And if Ultimate is not enough, go for MWVULNSE: Microsoft Windows Vista Ultimate Limited Numbered Signature Edition.

And if you’re still wondering what you pay for, don’t miss this Value Analysis.




Morning Shocker

Headlines from my Drudge feed:

Emergency Shutdown at Russian Nuke Plant…


ALL-STAR GROUP: 10 years to save the planet…

Otherwise … have a nice day, everyone.



Zoho Announces Multimedia Notebook at DEMO


The Zoho folks will be announcing yet another product at DEMO – this time it’s a multimedia NoteBook. Since whenever they release a product, the Microsoft / Office analogy is quite unavoidable, let’s just get it out of the way: this is Zoho’s “OneNote” – and a lot more. (Bias alert: I am an Advisor to Zoho).

Notebook is an online application to create, aggregate, share, collaborate on just about any type of content easily – all in one place, without having to switch applications. You can create multiple books and within that multiple pages. There are a number of page-types to begin with, including Sheet, Writer, Calendar, Contacts, Planner, Task – these correspond to Zoho applications – or simply start with a blank page.

You can easily create any type of content within a page: text, image, drawings, audio, video – these could be embedded youtube videos or record from your own camera / microphone directly into Notebook. Place your content anywhere in the page by freely dragging it around, resizing, reshaping it. Aggregate content from multiple sources: embed Show, Sheet data, web pages, RSS feeds, file attachments. IE and FireFox plugins allow easy clipping of web-content.

If it’s Zoho, it has to be collaborative; but this time NoteBook brings real-time online collaboration to a new level: you can share book-level, page-level or individual object-level information. This means you can selectively collaborate with certain users on your text, while sharing the chart with yet another group, and hiding the rest. Updates to any of these objects are reflected in the NoteBook real-time. Integration with Skype allows Skype presence indicators in the individual shared object as well as direct IM-ing over Skype. Needless to say, version-control is taken care of at the object-level, too.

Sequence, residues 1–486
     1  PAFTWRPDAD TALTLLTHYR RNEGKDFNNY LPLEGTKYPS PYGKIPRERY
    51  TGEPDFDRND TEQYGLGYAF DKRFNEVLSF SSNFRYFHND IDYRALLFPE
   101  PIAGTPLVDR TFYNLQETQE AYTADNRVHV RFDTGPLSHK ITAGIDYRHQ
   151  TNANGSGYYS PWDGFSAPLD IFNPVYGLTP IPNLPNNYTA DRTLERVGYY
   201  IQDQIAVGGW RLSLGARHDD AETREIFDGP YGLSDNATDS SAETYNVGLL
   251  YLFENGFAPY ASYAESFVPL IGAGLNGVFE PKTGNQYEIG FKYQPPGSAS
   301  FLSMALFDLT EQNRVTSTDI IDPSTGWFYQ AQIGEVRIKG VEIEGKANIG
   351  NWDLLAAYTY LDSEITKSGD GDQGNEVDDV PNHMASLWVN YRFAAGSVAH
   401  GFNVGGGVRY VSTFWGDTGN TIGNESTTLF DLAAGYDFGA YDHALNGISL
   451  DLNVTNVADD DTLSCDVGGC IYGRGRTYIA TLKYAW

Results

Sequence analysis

Now, for the bad part: NoteBook is currently in limited Alpha mode … so hang on for a while ..

fingerscrossed and in the meantime, enjoy this demo video:

NoteBook is unquestionably the sleekest of all Zoho apps, and a technological marvel. There are clearly specific target demographics, like students, where an All-In-One notetaker is the killer app. In a more typical business environment one might wonder where it fits in the range of products available, and what application to use when. Update (1/31): Dennis lists much better use-cases: